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Fox pen.

Baby foxes.


.•..• i .~;;('ji.j


The old trapper, Andrew Jacobson and his pelts.

Ted Challborn stretching beaver pelts.



by Marge Eden

Clifford and Margaret Eden started chinchilla ran­ ching in 1970 on S.E. 26-17-18W with 25 standard animals (twenty females and five males). Standards are blue-grey in color. Soon after they purchased four mutation animals which were two beige females, one beige male and one Gunning Black male. Clifford did priming and pelting for fellow ranchers. Chinchilla are very easy animals to care for, although they are very nervous. At one time they had approximately 500 animals to care for.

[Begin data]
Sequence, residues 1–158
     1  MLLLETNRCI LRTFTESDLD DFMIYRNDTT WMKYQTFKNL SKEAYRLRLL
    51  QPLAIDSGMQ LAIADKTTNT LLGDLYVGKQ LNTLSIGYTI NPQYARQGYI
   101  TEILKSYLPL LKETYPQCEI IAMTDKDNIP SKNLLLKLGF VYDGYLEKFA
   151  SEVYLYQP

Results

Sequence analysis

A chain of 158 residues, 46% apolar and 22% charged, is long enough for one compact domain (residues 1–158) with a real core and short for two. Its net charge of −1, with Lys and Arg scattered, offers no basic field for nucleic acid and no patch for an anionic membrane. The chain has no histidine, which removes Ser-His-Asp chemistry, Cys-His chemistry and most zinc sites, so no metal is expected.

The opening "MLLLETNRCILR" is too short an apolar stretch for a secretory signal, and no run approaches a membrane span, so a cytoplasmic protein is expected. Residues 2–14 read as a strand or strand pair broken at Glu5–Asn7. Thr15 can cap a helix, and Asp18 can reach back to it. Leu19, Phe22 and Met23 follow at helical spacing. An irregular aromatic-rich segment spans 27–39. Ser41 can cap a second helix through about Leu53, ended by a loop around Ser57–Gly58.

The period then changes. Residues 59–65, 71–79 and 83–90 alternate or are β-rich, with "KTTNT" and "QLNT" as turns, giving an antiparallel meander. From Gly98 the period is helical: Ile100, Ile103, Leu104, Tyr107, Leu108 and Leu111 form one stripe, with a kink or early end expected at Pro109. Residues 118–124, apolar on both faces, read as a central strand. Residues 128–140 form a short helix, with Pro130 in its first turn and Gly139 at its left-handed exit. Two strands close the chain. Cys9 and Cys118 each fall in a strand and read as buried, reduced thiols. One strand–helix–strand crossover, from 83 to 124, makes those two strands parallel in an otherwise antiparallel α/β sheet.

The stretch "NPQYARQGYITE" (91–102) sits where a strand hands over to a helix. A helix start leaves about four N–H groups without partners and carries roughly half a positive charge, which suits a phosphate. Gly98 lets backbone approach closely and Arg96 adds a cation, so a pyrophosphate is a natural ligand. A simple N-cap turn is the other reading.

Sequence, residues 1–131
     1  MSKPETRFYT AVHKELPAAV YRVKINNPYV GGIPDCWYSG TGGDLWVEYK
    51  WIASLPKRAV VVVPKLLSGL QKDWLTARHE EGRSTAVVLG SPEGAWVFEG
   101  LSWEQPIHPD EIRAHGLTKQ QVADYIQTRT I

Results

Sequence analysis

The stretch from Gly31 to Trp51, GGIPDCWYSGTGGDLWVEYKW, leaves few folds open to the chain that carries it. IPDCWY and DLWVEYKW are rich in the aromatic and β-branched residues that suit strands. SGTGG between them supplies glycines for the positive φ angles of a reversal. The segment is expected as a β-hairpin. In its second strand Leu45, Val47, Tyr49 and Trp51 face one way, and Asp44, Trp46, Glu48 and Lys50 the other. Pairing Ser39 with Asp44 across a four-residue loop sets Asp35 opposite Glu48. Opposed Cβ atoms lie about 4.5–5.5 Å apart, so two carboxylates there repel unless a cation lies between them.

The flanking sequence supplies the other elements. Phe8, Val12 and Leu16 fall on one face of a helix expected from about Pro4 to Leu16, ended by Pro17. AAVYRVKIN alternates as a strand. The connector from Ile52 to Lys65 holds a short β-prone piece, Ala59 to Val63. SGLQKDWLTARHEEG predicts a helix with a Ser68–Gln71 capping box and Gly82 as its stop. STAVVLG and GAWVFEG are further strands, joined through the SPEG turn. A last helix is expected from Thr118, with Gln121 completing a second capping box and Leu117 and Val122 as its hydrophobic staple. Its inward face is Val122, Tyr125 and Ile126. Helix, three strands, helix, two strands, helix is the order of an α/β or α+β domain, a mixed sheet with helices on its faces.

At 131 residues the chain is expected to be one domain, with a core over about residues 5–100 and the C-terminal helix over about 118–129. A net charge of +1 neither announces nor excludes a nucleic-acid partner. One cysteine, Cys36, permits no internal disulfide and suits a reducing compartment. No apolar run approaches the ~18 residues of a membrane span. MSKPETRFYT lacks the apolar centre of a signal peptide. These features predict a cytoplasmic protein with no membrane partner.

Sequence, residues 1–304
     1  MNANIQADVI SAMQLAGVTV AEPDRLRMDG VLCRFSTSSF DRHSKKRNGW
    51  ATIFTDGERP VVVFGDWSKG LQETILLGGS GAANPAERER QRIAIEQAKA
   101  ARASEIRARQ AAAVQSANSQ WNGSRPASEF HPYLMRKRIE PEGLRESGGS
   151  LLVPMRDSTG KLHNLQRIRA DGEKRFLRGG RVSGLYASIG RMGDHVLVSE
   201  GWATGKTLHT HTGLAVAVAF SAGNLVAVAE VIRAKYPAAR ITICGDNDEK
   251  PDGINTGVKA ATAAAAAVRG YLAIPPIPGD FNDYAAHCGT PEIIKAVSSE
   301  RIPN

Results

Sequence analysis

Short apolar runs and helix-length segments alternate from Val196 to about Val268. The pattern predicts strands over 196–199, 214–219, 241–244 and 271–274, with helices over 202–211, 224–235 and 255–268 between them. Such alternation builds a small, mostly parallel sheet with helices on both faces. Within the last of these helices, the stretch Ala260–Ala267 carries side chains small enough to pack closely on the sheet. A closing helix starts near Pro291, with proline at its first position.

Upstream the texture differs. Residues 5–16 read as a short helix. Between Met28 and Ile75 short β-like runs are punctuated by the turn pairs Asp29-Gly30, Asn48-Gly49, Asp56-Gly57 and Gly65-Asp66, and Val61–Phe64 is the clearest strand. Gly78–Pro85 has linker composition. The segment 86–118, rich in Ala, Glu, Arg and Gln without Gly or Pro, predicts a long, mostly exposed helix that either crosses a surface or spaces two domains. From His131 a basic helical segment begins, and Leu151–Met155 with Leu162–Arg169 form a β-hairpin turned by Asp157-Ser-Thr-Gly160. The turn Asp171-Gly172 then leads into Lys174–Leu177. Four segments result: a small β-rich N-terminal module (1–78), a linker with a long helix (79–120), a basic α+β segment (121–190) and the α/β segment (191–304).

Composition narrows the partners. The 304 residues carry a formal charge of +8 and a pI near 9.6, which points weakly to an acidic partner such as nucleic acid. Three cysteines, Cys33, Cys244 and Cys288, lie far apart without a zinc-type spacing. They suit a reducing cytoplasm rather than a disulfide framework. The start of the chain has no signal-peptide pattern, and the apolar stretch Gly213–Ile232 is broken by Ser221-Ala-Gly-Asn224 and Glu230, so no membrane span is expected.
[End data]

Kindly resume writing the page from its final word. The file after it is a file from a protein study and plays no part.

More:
In January of 1972, Clifford took one of the young standard animals to Winnipeg to compete in the N.C.B.C. Central Manitoba Branch Chinchilla Show, coming home with a sixth place ribbon. The first showing of mutations was at the annual N.C.B.C. Field Day (Manitoba breeders only) held at Headingly in October, 1973, which netted him the Mutation Show Champion. They continued showing animals at the annual Winnipeg January Show and the annual October Field Day. The walls of the office hold many ribbons, trophies, and plaques from these Shows and Field Days.

After ten rewarding years for Cliff, Marge and the children, topping the pelt market, they sold their breeding stock in 1980.

Cliff Ed{1n with his prize-winning mutant chinchilla.